Thursday, June 16, 2011

The pope, the king, the president...

Today, we visited Basilica di San Clemente and Palazzo del Quirinale. Our professor decided to take us to San Clemente because it is considered one of Rome's "hidden treasures." The building is three tiers. On the street level, there is a basilica, below the basilica, there is another church and below that church there are ancient Roman houses. The church and the Roman houses are underground. Very cool. The tier of the Roman homes had a natural running spring. The buildings were all built on top of each other and one building supports the next. For example, the columns of the basilica of the first tier are supported by other columns below, and so on. Within the second tier there was also a worship area for Mithraeum. According to our professor, this was a cult like religion of the 2nd century and the worshiping was done in the pitch dark. Again, the reason I love Rome is because there is so much more history in this city than there is in the U.S.. The buildings were made out of such strong materials, such as stone and marble, that it was either impossible to demolish the structure or the structure was so sturdy it could support a whole additional structure on top of it! I was walking in a Roman's house today. NUTS! Afterward, our professor took us to get gelato on him. Score! I had amore e odio. Delish! That translates to "love and hate" (nutella with white chocolate. yum!)

The visit to Palazzo del Quirinale was also very cool. The judge we met at the Italian Constitutional Court got us a private tour. This was also awesome! Originally, this is where the pope sat during the Summer because it is located on one of the seven hills in Italy. Then the king took over this palace and the pope moved to the Vatican. Now, this is where the President of the Italian Republic lives. The art in this palace is very bizarre in a way because there are three different tones going on--pope, king and president. There was a chapel and several other rooms in the palace. Also, another neat tidbit was there were several so called, "hiding spots" for the pope. Where the pope could sit in the house and pray and not be seen. Everywhere you turned there was a secret room it seemed like. There was also a beautiful garden.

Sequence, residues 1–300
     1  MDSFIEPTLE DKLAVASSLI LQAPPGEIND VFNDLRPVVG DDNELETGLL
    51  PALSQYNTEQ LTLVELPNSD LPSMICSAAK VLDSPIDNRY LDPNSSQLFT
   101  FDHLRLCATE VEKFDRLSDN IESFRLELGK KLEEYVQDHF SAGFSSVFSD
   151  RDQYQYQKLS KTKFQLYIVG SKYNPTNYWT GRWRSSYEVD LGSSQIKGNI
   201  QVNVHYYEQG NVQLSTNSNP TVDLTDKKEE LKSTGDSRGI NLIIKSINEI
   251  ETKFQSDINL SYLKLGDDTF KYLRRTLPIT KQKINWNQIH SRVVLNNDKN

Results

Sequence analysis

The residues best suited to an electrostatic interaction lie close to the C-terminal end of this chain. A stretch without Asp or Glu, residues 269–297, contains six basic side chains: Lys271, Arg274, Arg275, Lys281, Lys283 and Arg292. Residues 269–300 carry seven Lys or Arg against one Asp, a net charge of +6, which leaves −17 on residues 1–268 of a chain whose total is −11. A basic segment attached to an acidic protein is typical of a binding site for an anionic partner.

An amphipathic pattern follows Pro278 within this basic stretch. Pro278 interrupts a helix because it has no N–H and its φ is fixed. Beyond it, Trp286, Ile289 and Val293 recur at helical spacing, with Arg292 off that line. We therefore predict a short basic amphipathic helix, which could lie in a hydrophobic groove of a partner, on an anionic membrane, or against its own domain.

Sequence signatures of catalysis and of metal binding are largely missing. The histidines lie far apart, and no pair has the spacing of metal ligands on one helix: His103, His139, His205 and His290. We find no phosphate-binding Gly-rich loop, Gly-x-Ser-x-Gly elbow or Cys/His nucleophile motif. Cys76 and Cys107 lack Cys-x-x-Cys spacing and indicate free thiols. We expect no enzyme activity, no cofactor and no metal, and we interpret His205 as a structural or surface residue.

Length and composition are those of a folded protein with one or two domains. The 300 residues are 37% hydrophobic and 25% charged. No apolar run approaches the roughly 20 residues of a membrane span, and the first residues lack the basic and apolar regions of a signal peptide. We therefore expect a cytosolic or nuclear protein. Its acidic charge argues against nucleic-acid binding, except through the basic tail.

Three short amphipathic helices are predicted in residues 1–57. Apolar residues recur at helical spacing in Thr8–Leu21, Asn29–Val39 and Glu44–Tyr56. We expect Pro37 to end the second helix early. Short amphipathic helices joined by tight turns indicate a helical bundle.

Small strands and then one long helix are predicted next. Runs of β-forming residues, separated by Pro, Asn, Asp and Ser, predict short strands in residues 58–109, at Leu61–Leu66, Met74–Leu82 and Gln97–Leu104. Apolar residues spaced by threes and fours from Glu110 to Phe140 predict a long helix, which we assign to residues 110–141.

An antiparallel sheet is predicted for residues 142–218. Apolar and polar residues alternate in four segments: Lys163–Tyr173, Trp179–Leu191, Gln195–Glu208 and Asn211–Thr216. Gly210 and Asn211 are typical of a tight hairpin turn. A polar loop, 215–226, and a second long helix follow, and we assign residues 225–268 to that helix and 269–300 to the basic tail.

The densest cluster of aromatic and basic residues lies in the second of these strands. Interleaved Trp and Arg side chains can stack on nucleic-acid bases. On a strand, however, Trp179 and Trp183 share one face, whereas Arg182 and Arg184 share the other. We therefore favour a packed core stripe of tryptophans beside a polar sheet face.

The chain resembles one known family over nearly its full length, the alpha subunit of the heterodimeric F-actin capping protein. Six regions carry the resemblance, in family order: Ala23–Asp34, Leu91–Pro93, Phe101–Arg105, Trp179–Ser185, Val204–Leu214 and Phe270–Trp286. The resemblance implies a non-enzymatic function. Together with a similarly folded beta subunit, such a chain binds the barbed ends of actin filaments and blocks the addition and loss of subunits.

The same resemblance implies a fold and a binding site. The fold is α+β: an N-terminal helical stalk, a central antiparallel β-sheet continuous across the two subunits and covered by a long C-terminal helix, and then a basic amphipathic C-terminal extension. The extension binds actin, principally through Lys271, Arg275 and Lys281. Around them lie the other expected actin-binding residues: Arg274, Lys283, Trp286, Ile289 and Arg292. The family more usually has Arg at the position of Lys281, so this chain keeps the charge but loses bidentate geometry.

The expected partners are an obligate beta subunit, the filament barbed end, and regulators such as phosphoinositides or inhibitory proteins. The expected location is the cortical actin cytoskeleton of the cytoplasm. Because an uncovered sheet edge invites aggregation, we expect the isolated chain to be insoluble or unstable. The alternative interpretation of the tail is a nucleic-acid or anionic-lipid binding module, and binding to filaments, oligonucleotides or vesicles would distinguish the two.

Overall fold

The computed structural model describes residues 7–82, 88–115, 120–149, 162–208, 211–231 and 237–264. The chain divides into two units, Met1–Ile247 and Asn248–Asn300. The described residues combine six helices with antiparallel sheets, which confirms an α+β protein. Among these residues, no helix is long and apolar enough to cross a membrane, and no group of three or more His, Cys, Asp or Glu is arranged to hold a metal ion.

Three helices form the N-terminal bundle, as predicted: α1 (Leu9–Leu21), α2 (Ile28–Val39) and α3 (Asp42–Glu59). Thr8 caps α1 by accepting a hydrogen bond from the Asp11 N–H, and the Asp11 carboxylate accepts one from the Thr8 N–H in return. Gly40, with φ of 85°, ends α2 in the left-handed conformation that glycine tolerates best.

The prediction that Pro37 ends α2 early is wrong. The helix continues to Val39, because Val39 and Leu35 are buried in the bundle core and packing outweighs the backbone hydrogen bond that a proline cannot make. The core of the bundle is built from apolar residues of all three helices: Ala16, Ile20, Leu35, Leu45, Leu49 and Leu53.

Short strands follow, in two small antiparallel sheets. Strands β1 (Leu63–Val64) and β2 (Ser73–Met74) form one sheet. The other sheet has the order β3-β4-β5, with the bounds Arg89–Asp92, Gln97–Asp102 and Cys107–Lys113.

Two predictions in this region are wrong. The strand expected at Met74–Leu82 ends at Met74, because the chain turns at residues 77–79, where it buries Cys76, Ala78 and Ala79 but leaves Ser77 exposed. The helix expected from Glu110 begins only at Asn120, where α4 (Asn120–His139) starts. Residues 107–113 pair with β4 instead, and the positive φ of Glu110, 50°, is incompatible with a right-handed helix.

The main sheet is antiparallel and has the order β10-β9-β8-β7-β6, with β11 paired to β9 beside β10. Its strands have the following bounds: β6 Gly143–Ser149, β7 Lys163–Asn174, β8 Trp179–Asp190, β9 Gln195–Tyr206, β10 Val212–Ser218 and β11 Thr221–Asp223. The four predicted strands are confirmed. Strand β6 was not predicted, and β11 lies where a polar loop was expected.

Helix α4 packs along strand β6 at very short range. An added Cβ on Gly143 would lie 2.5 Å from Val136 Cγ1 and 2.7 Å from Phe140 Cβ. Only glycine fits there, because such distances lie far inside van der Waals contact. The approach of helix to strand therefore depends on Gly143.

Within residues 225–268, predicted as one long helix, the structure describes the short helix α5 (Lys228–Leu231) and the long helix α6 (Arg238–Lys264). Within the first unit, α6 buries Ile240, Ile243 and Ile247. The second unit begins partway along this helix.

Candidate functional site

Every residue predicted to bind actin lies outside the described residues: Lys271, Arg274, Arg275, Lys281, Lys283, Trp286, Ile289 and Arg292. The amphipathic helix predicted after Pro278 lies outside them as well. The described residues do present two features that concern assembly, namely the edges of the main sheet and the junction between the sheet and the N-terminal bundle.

We returned to Trattoria Picchiapo for dinner. They have Gnocchi on Thursdays. Francesco is the best. (If you have been following my blog we ate there once before). Tomorrow we are headed to Sorrento with plans to visit Pompeii and Positano. Look for my blog about the weekend on Monday! Buonanotte!

[Pictures (left to right, top to bottom): Mithraeum worship area, ceiling of the Pope's mini "hidden" chapel (which also had a hidden room within it) in Palazzo di Quirinale, one of the rooms in Palazzo di Quirinale (obvi with chandeliers), "big" chapel (meant to resemble Sistine Chapel, without the artwork of Michelangelo, for the pope while here in the Summer), natural spring in the lower tier of San Clemente. The quality of my pics weren't so hot today because there are strict rules about photography in both of these places. They definitely don't do the actual locations justice!]

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